The Judge: I'm sorry too, Damon Gant. I knew you as you used to be, long ago. You were once a fine investigator, and an example to others on the force. I'm sorry to learn that you are no longer that person.

Phoenix Wright: Ace Attorney - Justice for All

The Lost Turnabout

  • Even after losing his memory, Phoenix's lawyer instincts are as strong as ever, leaping in with an "Objection!" and a pointed finger before he even realises what he's doing. As Phoenix himself says, "What a rush!"

Reunion, and Turnabout

  • Phoenix kicking down the door in Kurain Village to save Maya. "Send the bill to Wright and Co.!" Especially when you think how much that door probably cost and how often Phoenix has money issues, it doubles as a Heartwarming Moment. Even the Judge concurs that how Wright blasted the door must've been badass.
    Lotta: Well, Mister Lawyer! What's the plan!?
    Phoenix: What else!? We're going to break in!
    Lotta: What!? But... But there's only one key and that kid's got it.
    Phoenix: We're going to have to break the door. Is that alright, Ms. Fey?
    Morgan: Well, yes... But there is one matter... That is...
    Phoenix: Don't try to stop me! You can send the repair bill to the Wright and Co. Law Offices later!
  • Pearl shows up at the court for the first time. She lived a two hour's train ride worth from the court and she didn't walk her way to the court then. She ran.
  • The ending of the case when Franziska whips Phoenix into unconsciousness after losing against him and he stupidly taunts her over that fact. Poor guy never heard that verdict.
  • It's a minor moment, but Phoenix managing to intimidate the Judge (something usually reserved for the prosecution and particularly intimidating witnesses) with the determined look on his face is pretty badass.

Turnabout Big Top

  • At one point, Phoenix sums up how the murder happened in court, to circus music, with every twist in the tale accompanied by a crash of cymbals. It's a fantastic effect, and thoroughly impressive.
  • The way Phoenix perfectly sums up and clarifies the sneaking suspicion you've been having about an incident that happened in the circus. It's the phrase that finally ties the bond between a harmless prank and a fatal accident. Two words: "Lions sneeze."
  • Another small moment, but rather badass: the end of case. Throughout the trial, Franziska has been needling (and whipping) Phoenix while proclaiming her own superiority, and when he finally wins, she grudgingly bites out that he "beat [her] again!" Even after all the abuse he's suffered, though, Phoenix doesn't rub it in her face like he did last time (where he was whipped into unconsciousness for his troubles); he just stands there with his expression unreadable. Clearly he's decided at this point that he's not just an ally of justice, he's a graceful victor, too!
  • Near the end, Acro brings up that he was only caught because von Karma and the police did a surprise raid of his room, and he had nowhere to hide the murder weapon except in his wheelchair, leading to him getting caught with the murder weapon in court. As it turns out, von Karma didn't just screw up: the raid was Edgeworth's idea, because he realized that if he was right about Acro having the murder weapon, this would lead to Acro getting caught. So basically, you only won because of Edgeworth.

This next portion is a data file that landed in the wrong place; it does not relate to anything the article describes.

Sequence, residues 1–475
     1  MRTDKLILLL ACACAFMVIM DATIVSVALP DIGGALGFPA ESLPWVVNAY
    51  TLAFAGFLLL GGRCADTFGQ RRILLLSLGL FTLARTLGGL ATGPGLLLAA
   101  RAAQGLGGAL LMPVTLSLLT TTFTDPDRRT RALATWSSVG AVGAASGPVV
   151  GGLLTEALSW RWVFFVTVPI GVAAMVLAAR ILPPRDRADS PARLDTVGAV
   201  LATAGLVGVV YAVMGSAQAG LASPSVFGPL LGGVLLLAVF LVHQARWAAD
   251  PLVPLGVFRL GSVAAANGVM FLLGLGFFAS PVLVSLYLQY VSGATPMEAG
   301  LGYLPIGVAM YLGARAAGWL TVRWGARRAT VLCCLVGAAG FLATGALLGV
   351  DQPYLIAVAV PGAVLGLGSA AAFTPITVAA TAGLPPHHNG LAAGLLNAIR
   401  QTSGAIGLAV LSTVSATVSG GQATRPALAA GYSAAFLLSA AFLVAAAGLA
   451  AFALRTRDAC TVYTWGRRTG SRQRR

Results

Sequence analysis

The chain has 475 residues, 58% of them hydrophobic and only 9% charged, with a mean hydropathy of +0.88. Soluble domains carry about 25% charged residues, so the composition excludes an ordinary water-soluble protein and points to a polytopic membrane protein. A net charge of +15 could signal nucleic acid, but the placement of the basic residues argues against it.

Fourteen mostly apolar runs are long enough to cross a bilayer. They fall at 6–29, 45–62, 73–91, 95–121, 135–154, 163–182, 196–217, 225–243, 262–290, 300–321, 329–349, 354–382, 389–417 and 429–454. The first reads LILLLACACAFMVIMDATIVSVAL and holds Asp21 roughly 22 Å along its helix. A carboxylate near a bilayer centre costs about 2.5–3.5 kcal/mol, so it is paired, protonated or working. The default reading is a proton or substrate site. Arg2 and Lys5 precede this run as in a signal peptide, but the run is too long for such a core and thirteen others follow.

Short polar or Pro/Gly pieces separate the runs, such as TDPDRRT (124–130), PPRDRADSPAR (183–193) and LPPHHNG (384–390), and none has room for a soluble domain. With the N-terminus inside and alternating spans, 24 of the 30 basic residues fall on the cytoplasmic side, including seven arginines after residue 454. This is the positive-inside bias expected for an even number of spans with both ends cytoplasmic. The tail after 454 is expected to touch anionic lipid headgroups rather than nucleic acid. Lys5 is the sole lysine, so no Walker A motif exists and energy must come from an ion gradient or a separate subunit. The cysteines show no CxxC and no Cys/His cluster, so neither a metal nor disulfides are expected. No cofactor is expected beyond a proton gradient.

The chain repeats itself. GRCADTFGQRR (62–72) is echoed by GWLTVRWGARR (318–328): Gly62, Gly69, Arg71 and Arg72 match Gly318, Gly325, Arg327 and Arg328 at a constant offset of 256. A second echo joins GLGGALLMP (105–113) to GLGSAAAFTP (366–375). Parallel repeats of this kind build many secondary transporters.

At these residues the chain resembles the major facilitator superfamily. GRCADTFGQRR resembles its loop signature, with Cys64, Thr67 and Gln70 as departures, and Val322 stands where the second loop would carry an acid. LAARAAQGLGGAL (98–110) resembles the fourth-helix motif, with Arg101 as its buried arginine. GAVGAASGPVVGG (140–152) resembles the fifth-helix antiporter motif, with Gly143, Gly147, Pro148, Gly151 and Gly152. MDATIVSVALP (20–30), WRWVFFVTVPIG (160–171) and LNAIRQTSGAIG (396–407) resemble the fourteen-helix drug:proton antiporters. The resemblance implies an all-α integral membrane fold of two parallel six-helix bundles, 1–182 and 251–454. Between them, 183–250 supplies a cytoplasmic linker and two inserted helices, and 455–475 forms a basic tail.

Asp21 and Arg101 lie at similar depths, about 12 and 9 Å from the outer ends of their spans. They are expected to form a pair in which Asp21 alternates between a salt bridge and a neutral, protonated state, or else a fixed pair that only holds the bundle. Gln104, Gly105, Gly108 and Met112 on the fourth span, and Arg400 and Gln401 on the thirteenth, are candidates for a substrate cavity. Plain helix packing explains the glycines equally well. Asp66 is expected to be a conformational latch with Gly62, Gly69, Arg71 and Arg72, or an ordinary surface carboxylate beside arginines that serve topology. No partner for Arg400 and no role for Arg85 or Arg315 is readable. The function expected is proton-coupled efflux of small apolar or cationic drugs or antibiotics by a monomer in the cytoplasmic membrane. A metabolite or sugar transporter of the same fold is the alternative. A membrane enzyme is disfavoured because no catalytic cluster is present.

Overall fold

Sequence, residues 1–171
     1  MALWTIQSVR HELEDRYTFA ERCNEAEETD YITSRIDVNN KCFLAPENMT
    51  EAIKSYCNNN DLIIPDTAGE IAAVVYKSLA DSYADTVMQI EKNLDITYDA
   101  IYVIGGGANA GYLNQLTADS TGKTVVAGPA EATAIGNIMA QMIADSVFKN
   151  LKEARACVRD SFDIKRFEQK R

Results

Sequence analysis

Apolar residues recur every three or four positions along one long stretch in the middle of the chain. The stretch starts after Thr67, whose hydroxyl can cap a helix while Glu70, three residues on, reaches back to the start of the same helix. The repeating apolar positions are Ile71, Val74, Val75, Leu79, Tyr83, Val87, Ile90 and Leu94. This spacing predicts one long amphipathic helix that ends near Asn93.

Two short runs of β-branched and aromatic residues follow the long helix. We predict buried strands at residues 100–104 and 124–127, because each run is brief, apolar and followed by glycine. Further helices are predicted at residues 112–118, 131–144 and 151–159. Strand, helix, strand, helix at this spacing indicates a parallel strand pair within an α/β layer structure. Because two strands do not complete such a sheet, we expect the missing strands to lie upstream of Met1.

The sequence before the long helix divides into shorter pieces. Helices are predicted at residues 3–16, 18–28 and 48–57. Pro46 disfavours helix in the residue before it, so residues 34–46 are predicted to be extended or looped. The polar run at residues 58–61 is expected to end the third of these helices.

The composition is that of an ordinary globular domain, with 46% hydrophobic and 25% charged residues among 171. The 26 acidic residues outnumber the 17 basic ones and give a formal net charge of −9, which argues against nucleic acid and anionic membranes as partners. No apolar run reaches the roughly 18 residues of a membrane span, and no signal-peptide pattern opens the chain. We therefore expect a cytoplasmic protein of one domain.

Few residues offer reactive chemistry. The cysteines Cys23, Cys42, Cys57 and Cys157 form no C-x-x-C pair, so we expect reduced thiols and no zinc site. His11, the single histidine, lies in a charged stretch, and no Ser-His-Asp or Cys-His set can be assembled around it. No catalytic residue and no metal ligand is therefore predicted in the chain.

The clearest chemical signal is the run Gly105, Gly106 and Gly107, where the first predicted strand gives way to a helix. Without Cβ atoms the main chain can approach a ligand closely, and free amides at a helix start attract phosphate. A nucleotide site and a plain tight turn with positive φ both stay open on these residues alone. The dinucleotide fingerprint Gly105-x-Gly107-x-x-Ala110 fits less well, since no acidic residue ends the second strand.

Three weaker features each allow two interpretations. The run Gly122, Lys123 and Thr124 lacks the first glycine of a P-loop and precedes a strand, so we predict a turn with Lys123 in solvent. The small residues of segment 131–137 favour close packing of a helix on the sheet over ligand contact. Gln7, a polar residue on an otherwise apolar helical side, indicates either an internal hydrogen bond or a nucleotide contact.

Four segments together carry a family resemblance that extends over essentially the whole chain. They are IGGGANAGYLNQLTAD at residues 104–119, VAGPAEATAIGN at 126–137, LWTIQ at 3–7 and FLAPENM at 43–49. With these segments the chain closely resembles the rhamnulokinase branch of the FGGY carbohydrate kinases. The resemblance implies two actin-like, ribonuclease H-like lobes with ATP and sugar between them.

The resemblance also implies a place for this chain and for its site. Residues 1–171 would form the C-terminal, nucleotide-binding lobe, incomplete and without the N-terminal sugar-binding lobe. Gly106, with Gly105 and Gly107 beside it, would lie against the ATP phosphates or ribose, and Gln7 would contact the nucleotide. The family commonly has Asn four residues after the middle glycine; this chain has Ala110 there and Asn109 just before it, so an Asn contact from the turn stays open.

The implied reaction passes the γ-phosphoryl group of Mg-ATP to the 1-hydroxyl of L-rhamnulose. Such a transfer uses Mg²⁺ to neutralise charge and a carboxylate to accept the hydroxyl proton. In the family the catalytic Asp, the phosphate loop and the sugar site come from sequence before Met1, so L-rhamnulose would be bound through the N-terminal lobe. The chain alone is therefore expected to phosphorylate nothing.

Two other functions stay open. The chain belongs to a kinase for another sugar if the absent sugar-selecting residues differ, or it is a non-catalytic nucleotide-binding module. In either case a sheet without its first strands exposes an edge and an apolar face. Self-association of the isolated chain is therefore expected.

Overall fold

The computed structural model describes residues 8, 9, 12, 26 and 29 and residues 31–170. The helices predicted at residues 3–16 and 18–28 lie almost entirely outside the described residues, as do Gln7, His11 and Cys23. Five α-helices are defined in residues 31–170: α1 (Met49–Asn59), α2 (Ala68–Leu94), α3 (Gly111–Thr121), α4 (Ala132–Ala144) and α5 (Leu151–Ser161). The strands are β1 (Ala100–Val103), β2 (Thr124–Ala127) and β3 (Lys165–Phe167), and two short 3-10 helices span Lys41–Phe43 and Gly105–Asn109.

Farewell, My Turnabout

  • Edgeworth gets another Moment of Awesome as he makes his triumphant return. At the end of the case, he delivers a "No More Holding Back" Speech about the true role of a prosecutor - not to get a "Guilty" every time, but to uncover the whole and complete truth - and the long, hard journey he made to discover that.
  • And Matt Engarde has pretty much the best Obfuscating Stupidity revelation ever. The revelation of the scar, the evil grin, the complete personality change? Typical... but once he somehow pulls the glass of cognac out of Hammerspace, while in police custody, for the sole purpose of swirling it evilly... you know you're seeing something special.
    Matt: "Hold on a sec. I'm gonna consult myself, okay?"
    Matt: "How do you do... Mr. Lawyer? I'm Matt Engarde."
  • "To the gentleman who spoke just now... excuse me, but would you care to die?" Said by Shelly de Killer to the Judge if you press one of the statements in his testimony, in response to the honorable Judge questioning de Killer's account. The Judge promptly shuts up in response.
    • Everything that witness says straddles the line between Awesome and Funny (in a Crosses the Line Twice way), as you're talking to an assassin with quite a skillset via radio. The true awesome comes when he announces to the court that he has terminated his contract with his client.
  • Franziska von Karma gets one: the case is nearly over and Phoenix is just about to either declare Matt Engarde guilty without decisive proof (which would get accordingly overruled, and thus signing Maya's death warrant) or innocent (thus convicting an innocent Adrian Andrews to a murder charge), but before he can say anything... *CRACK* "Objection!" *Franziska's fanfare and Great Revival plays* ...and the most unlikely Big Damn Heroine shows up, backlit by the awesomeness of her own entry.
    • Not to mention that she was shot in the shoulder the previous day. And when she's reminded of this, she says, condescendingly, that such a trifling matter certainly won't stop her from doing her job.
    • The fact that Phoenix even inquires about her condition is probably this as well, as it suggests that despite her... feelings ... toward him, he still bears her no ill will.